An attorney general's investigation into the unauthorized vacation buyout program references an employee at state parks headquarters who was charged with misconduct for driving on state business without a valid driver's license and filing expense claims for mileage during those trips. A settlement of this claim on June 2, 2011, according to the investigation, required the employee to repay the department $2,793.80.
Names are redacted in the copy of the April investigative report obtained by The Bee. But an official in Gov. Jerry Brown's administration, who is familiar with the Lopez case but was not authorized to release the name, told The Bee that Lopez was the employee in question.
The attorney general's investigation goes on to state that this employee was allowed by his superiors to cash out additional vacation time in order to repay the debt, because he claimed to be having financial problems and "was in jeopardy of being evicted from his apartment."
Lopez's direct supervisor, former acting chief deputy director Michael Harris, did not respond to a request for comment for this story. Neither did Coleman, the former parks director. Harris was fired on July 19, the same day Coleman resigned.
Bosses' knowledge unclear
How can a man rise to heights in state government with a checkered personal history? It's a complicated question that raises a host of employee rights and personnel management issues.
California law allows the state to discipline an employee for a number of reasons, including a felony conviction and sexual harassment. Lynelle Jolley, spokeswoman for the state Department of Human Resources, said the law is meant to be flexible so managers have leeway to discipline or terminate employees as necessary.
"It's going to be the decision of the department where an employee works as to whether a criminal conviction is interfering with their job performance," said Jolley. "The state's personnel policy is that departments should take aggressive disciplinary action where it is warranted."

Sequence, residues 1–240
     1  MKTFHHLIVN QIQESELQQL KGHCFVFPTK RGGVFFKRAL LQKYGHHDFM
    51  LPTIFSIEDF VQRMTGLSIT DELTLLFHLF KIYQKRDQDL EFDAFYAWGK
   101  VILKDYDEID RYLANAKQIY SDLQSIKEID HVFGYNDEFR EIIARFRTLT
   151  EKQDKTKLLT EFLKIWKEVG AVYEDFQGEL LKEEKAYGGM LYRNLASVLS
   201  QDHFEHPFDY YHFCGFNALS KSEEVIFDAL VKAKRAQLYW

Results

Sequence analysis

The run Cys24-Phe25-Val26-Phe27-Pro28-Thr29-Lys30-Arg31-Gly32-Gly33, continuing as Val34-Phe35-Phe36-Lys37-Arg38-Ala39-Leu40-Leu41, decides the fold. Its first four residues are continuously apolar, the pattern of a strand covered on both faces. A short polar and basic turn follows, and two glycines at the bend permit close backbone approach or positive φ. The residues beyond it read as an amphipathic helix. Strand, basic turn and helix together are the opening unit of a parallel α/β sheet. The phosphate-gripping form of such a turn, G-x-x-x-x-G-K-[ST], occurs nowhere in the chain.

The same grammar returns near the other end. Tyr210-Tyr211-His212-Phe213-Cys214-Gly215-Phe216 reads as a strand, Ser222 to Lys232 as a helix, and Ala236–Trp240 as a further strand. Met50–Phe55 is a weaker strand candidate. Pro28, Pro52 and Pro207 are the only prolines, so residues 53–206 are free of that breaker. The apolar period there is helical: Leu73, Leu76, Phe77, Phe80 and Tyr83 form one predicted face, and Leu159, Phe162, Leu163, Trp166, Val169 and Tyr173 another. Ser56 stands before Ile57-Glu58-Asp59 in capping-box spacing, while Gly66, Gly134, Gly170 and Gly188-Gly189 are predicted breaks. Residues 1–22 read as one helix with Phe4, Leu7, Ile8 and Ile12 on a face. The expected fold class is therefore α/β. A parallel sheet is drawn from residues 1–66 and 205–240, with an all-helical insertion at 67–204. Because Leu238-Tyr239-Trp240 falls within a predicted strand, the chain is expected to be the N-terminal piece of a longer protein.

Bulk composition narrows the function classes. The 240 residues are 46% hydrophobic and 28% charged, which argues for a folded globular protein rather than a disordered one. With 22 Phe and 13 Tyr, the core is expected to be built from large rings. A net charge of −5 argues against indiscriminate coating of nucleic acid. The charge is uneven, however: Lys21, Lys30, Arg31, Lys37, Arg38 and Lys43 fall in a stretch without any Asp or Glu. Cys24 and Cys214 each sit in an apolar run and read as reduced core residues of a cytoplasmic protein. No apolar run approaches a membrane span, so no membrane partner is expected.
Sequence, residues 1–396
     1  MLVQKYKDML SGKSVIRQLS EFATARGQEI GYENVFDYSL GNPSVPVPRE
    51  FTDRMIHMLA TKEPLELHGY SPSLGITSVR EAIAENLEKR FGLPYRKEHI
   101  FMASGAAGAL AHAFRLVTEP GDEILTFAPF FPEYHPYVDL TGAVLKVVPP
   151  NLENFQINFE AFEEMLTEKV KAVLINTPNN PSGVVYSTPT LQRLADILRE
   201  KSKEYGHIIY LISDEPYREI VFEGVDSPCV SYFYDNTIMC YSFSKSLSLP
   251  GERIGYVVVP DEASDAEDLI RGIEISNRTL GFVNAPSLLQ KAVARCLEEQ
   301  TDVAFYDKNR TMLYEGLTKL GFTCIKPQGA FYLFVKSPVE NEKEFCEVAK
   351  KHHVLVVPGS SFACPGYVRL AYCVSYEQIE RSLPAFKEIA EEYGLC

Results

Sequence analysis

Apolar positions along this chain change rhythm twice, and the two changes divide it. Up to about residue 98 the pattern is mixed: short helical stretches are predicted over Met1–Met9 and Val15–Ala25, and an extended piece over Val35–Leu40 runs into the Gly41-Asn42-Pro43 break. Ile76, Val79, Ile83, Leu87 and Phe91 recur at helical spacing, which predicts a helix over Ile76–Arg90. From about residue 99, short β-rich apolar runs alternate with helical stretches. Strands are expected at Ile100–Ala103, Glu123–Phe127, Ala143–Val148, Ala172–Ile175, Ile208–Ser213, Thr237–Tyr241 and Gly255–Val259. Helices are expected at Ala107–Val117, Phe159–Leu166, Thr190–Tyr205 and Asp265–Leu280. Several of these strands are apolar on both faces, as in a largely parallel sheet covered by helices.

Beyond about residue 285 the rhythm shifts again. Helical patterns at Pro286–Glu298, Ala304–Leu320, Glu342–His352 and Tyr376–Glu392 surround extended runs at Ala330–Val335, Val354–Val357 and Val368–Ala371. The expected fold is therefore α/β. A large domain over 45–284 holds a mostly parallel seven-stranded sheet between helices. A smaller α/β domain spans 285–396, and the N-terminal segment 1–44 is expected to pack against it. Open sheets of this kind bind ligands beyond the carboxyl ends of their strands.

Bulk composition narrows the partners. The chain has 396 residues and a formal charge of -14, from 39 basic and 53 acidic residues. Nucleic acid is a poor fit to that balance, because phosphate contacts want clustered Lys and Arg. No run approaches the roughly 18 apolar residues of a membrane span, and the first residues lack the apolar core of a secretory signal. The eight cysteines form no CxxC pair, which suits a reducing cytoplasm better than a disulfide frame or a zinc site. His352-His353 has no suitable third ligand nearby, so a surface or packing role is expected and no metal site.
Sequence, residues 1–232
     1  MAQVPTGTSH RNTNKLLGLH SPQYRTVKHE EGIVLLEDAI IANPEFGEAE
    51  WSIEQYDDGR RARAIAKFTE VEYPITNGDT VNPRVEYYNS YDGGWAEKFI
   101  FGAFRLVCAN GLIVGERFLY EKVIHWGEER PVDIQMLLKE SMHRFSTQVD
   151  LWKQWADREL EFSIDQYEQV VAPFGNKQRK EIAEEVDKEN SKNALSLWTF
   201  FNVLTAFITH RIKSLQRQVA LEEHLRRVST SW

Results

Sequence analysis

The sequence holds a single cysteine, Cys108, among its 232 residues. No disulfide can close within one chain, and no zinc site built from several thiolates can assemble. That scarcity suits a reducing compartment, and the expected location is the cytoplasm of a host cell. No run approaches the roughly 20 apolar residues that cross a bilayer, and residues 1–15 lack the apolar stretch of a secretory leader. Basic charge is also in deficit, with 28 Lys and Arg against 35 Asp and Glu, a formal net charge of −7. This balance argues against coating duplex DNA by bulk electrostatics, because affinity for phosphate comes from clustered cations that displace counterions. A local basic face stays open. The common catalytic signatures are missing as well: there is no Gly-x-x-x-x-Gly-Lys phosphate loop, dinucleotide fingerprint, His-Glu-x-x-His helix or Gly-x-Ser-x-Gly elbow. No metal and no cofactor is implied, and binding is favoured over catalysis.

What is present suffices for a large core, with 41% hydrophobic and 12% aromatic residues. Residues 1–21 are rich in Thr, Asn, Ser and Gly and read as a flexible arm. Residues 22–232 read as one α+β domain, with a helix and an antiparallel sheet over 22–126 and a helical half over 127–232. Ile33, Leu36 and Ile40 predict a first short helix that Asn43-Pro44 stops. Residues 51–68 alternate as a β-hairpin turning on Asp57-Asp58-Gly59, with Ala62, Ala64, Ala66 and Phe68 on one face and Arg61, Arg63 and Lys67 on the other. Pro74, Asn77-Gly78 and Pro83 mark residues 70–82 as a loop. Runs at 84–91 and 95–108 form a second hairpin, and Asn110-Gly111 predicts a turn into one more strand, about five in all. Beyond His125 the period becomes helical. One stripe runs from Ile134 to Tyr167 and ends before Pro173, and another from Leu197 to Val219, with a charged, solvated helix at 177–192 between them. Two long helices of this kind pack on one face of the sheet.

When a state employee is confronted with a formal disciplinary action for improper behavior, a "notice of adverse action" is filed with the State Personnel Board. Jolley said there are no such actions on file about Lopez during his state career.
DMV offers a service that would have notified the parks department about Lopez's moving violations and license suspensions. To take part in the service, an employer has to give DMV a list of employee names to track.
The parks department subscribes to that service, but did not submit Lopez's name as an employee to follow until March of this year, said DMV spokesman Mike Marando.
At that point, DMV notified parks officials of two license suspension events. The first was on April 28, 2009, when Lopez was convicted of driving on a license that had been suspended for a prior DUI conviction, and for having no proof of insurance. This arose from a citation issued on March 31 of that year.
The second came the very next day, when Lopez was convicted again for driving on a license that had previously been suspended for "other reasons" – and again for having no proof of insurance. This conviction arose from a multiple-vehicle car accident on Jan. 16, 2009, in which Lopez was found primarily at fault.
The Bee asked Richard Stapler, a spokesman for the California Natural Resources Agency, which oversees state parks, if Lopez's superiors knew about his criminal history or his difficulty holding onto a driver's license. He could not find out the answer.
"The people who knew are no longer working at state parks," Stapler said. "So I was not able to verify with any of them whether, in fact, anyone knew about it or not."